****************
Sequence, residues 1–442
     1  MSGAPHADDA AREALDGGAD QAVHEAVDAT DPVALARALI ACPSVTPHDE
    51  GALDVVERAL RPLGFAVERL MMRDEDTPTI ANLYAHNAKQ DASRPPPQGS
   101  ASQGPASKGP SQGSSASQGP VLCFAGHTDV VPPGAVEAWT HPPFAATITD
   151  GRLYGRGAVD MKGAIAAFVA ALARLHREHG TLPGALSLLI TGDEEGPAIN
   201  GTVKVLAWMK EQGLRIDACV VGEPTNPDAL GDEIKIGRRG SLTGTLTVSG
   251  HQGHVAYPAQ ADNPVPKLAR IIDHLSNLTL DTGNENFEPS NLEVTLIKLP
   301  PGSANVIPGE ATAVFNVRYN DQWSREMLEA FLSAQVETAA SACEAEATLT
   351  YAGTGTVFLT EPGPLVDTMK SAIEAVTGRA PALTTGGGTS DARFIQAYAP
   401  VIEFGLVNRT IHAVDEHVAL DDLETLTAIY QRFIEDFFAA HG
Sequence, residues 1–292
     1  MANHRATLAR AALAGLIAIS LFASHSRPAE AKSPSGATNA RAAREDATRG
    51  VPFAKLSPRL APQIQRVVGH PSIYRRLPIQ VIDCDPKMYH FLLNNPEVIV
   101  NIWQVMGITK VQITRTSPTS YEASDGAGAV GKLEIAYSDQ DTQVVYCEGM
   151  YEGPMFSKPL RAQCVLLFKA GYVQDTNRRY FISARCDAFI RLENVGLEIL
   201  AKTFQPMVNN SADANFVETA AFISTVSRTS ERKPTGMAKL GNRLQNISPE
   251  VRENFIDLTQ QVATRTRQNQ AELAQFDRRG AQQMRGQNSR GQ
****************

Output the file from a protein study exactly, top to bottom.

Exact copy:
Sequence, residues 1–442
     1  MSGAPHADDA AREALDGGAD QAVHEAVDAT DPVALARALI ACPSVTPHDE
    51  GALDVVERAL RPLGFAVERL MMRDEDTPTI ANLYAHNAKQ DASRPPPQGS
   101  ASQGPASKGP SQGSSASQGP VLCFAGHTDV VPPGAVEAWT HPPFAATITD
   151  GRLYGRGAVD MKGAIAAFVA ALARLHREHG TLPGALSLLI TGDEEGPAIN
   201  GTVKVLAWMK EQGLRIDACV VGEPTNPDAL GDEIKIGRRG SLTGTLTVSG
   251  HQGHVAYPAQ ADNPVPKLAR IIDHLSNLTL DTGNENFEPS NLEVTLIKLP
   301  PGSANVIPGE ATAVFNVRYN DQWSREMLEA FLSAQVETAA SACEAEATLT
   351  YAGTGTVFLT EPGPLVDTMK SAIEAVTGRA PALTTGGGTS DARFIQAYAP
   401  VIEFGLVNRT IHAVDEHVAL DDLETLTAIY QRFIEDFFAA HG
Sequence, residues 1–292
     1  MANHRATLAR AALAGLIAIS LFASHSRPAE AKSPSGATNA RAAREDATRG
    51  VPFAKLSPRL APQIQRVVGH PSIYRRLPIQ VIDCDPKMYH FLLNNPEVIV
   101  NIWQVMGITK VQITRTSPTS YEASDGAGAV GKLEIAYSDQ DTQVVYCEGM
   151  YEGPMFSKPL RAQCVLLFKA GYVQDTNRRY FISARCDAFI RLENVGLEIL
   201  AKTFQPMVNN SADANFVETA AFISTVSRTS ERKPTGMAKL GNRLQNISPE
   251  VRENFIDLTQ QVATRTRQNQ AELAQFDRRG AQQMRGQNSR GQ